Moscow City Hall has formally prohibited the moving or reassembly of a Soviet architectural landmark that has been under threat of demolition blamed by conservationists on real estate developers. [...]
The radio tower's materials, architectural composition, structural elements and location all fall under the conservation order by City Hall's heritage department, published by Consultant.ru judicial database.
This puts an end to earlier proposals to move or dismantle and rebuild the tower. — themoscowtimes.com
The Moscow city government is asking citizens to weigh in on the fate of the Shukhov radio tower, a rusted icon of Soviet constructivist architecture that’s threatened with demolition. [...]
The vote, which began this week and runs until July 6, is being held on Active Citizen, an iOS and Android app released by the city last month. The app polls citizens on topics such as street-tree planting and changes to daylight savings time. — qz.com
Yet uniqueness is the goal of city branding, which during the past few years has grown into a global industry connected to tourism and the media-sports-and-entertainment complex. Originally a promotional scheme meant to lure new residents, city branding is now a slogan tied to a public relations campaign to make the places where we live into “destinations”. As always with branding, image is everything. — theguardian.com
What a National Register [of Historic Places] listing really means is a 20% federal tax credit for structural investing, along with any state tax incentives, but that's often not enough to make preservation a more appealing option over razing and starting over. [...]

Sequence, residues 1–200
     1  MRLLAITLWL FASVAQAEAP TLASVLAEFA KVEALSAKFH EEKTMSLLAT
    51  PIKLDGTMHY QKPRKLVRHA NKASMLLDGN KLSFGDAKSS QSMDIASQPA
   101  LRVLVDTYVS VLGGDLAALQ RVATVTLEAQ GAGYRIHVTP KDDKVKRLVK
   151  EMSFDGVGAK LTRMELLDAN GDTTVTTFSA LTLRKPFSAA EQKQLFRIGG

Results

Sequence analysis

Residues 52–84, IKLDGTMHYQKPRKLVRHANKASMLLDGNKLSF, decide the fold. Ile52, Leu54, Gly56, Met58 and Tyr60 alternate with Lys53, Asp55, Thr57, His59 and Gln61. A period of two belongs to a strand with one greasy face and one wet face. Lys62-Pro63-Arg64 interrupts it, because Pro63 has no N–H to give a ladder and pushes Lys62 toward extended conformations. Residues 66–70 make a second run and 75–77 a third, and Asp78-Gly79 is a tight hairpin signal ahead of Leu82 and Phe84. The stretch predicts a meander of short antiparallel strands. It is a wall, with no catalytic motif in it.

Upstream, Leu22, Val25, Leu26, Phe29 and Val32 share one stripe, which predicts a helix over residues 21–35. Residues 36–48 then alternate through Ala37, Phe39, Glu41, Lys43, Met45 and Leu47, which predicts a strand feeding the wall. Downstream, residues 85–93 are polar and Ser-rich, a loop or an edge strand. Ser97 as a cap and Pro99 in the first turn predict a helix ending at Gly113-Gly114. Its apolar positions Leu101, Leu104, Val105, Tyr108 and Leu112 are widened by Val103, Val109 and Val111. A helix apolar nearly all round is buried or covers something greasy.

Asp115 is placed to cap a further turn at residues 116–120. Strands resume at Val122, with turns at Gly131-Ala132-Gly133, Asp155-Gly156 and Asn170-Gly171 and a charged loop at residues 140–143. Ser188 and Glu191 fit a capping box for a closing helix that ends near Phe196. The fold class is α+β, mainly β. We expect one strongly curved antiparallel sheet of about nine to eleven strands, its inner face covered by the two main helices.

Listing on the National Register certainly gives something of an economic incentive for preservation, as well as a national profile for these sites [...]
However, what historic sites ultimately need is sustainable funding. — Atlas Obscura
Dorte Mandrup Arkitekter won the competition to design the new tower landmark for Aarhus Harbor in Aarhus, the second largest city in Denmark. The firm's origami-like structure beat out proposals from some of Denmark's biggest architects like BIG, schmidt hammer lassen, and Cebra. — bustler.net
A judge Thursday gave at least a temporary reprieve to old Prentice Women's Hospital by stopping the city from issuing a demolition permit to Northwestern University until it can be determined whether the process by which the building was denied landmark status was properly carried out.
Circuit Judge Neil Cohen said the public's interest would be harmed if the building came down before the merits of a lawsuit filed by preservationists were considered. — articles.chicagotribune.com
Its owners are hoping to sell the house before Nov. 7, when the City Council is scheduled to vote on giving it landmark status, which they oppose. Though they agree that the house ought to be saved — “The property is gorgeous,” Mr. Sells said in its master bedroom one morning — they say they must first safeguard their investment, as well as their livelihood.
“If it becomes a landmark,” Mr. Sells said, “we’re out of business.” — nytimes.com
That's the ultimate question of the Bethlehem Steel Administration building and unfortunately it looks as if the question has already been answered by the City of Lackawanna officials and the owners. Thankfully, there are still people who don't want to see this Beaux-Arts beauty sent to the landfill like so many great buildings before it. — buffalorising.com